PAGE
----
• Decrease font size
  • Return font size to normal
  • Increase font size
U.S. Department of Health and Human Services

Drugs

  • Print
  • Share
  • E-mail

Pertuzumab Injection

On September 30, 2013, the U. S. Food and Drug Administration granted accelerated approval to pertuzumab injection (PERJETA, Genentech, Inc.) for use in combination with trastuzumab and docetaxel for the neoadjuvant treatment of patients with HER2-positive, locally advanced, inflammatory, or early stage breast cancer (either greater than 2 cm in diameter or node positive) as part of a complete treatment regimen for early breast cancer. 

The approval of PERJETA for neoadjuvant treatment of breast cancer is based on a randomized, multicenter, open-label trial in patients with HER2-positive, operable, locally advanced, or inflammatory breast cancer (T2-4d).  Breast tumor samples were required to show HER2 overexpression (IHC 3+ or FISH amplification ratio ≥ 2.0 determined by a central laboratory). The trial enrolled 417 patients who were randomly allocated to receive 1 of 4 neoadjuvant regimens prior to surgery as follows: trastuzumab plus docetaxel; pertuzumab plus trastuzumab and docetaxel; pertuzumab plus trastuzumab; or pertuzumab plus docetaxel.
 
Pertuzumab, trastuzumab, and docetaxel were administered preoperatively by intravenous infusion (IV) every 3 weeks for a total of 4 cycles. Following surgery all patients received 3 cycles of fluorouracil, epirubicin, and cyclophosphamide (FEC) IV every 3 weeks and trastuzumab was administered IV every 3 weeks to complete 1 year of therapy. The trial’s primary endpoint was pathological complete response (pCR) rate defined as the absence of invasive cancer in the breast (ypT0/is). The FDA-preferred definition of pCR is the absence of invasive cancer in the breast and lymph nodes (ypT0/is ypN0).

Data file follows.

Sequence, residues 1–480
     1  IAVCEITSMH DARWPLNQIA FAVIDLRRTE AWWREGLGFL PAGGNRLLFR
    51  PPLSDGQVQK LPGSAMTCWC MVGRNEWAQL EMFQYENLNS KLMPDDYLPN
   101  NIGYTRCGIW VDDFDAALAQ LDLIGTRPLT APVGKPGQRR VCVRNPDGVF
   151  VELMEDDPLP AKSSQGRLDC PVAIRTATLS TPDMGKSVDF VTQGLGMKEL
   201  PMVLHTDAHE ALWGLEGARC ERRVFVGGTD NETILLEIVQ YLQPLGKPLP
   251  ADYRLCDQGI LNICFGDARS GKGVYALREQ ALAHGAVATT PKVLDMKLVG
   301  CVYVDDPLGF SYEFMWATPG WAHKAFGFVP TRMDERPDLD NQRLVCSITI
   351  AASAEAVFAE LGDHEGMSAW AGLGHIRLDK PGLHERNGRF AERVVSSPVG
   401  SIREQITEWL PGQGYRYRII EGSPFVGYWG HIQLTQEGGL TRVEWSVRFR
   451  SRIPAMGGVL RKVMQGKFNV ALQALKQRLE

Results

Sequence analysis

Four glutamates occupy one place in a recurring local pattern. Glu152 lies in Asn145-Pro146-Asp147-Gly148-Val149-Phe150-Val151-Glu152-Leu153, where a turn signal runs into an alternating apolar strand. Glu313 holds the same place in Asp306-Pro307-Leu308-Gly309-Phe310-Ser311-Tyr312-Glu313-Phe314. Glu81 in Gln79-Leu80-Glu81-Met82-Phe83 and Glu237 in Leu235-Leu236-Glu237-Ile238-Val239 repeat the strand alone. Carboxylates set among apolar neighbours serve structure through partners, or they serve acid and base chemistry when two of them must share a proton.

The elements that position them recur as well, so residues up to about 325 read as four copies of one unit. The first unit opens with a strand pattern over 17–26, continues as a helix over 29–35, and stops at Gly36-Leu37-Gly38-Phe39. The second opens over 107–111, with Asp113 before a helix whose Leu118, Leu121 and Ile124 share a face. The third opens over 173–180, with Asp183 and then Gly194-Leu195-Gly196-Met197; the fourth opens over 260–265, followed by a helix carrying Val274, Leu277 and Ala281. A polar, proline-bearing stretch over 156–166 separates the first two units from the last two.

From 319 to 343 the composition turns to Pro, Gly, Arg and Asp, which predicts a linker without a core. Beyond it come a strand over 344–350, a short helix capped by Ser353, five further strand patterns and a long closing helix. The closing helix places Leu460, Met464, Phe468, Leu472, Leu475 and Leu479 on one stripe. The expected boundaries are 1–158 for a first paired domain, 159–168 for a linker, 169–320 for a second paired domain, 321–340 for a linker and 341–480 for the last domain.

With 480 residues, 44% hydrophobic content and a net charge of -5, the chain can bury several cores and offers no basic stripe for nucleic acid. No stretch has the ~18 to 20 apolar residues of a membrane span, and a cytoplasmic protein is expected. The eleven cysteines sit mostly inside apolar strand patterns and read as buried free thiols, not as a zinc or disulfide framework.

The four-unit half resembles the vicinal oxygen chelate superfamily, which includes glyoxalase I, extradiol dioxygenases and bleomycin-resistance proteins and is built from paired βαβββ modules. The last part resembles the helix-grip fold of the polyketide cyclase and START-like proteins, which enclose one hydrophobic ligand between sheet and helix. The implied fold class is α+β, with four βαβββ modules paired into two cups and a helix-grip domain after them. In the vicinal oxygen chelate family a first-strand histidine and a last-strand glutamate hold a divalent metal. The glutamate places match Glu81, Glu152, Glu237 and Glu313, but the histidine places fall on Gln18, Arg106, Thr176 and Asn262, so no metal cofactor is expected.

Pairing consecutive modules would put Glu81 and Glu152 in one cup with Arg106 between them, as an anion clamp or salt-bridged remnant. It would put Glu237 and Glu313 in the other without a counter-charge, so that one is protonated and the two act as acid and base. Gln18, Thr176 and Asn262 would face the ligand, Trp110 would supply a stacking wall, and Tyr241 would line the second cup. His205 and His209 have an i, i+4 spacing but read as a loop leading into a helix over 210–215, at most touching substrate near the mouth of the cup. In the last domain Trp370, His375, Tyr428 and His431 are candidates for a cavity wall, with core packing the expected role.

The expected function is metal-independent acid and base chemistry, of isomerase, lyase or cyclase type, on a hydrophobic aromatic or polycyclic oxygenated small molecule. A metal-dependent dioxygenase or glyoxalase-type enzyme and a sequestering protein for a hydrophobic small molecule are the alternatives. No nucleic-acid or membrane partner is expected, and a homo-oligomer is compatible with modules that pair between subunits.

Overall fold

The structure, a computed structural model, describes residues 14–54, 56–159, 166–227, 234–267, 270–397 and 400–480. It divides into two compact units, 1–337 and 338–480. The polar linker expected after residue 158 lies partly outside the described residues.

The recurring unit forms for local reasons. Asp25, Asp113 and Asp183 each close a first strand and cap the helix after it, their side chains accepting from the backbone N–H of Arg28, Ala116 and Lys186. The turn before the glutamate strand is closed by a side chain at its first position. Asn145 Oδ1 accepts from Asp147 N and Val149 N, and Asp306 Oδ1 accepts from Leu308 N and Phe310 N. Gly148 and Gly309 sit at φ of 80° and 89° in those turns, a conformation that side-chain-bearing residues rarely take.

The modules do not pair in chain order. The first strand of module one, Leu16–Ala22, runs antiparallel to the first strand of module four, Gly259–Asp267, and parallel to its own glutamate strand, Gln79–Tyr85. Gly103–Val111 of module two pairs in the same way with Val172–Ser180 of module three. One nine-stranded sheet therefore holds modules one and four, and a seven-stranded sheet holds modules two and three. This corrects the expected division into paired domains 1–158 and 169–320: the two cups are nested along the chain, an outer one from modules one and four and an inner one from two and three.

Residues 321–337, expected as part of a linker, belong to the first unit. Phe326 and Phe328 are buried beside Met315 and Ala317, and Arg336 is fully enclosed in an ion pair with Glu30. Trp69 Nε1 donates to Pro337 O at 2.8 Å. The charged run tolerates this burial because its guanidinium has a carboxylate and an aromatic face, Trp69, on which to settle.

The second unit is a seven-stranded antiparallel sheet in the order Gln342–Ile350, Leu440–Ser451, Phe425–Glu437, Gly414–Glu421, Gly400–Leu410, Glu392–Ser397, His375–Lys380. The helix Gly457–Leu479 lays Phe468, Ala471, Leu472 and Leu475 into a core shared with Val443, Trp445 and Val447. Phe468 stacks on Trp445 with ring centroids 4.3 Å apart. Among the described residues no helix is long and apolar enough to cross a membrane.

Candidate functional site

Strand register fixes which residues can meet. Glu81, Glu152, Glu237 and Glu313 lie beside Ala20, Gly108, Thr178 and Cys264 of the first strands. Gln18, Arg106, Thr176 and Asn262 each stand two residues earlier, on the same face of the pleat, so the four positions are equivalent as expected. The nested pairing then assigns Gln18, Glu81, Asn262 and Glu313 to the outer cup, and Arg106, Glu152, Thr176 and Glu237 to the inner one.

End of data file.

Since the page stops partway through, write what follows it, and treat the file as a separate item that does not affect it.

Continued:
Demographics were well balanced. Seven percent of patients had inflammatory breast cancer, 32% had locally advanced cancer and 70% had clinically node-positive breast cancer. Forty-seven percent of the patients had hormone receptor-positive disease.
 
The pCR (ypT0/is ypN0) rates were 39.3% and 21.5% in the pertuzumab plus trastuzumab and docetaxel and the trastuzumab plus docetaxel arms, respectively. This difference of 17.8% was statistically significant (adjusted p-value = 0.0063, Cochran-Mantel-Haenszel test). The pCR rates and magnitude of improvement with the addition of pertuzumab were lower in the subgroup of patients with hormone receptor-positive tumors compared to patients with hormone receptor-negative tumors.
 
The most common adverse reactions (> 30%) with pertuzumab in combination with trastuzumab and docetaxel were alopecia, diarrhea, nausea and neutropenia. The most common (> 2%) NCI – CTCAE (version 3) grade 3 – 4 adverse reactions were neutropenia, febrile neutropenia, leukopenia and diarrhea. Other significant adverse reactions reported with pertuzumab include left ventricular dysfunction, infusion-related reactions, hypersensitivity reactions, and anaphylaxis.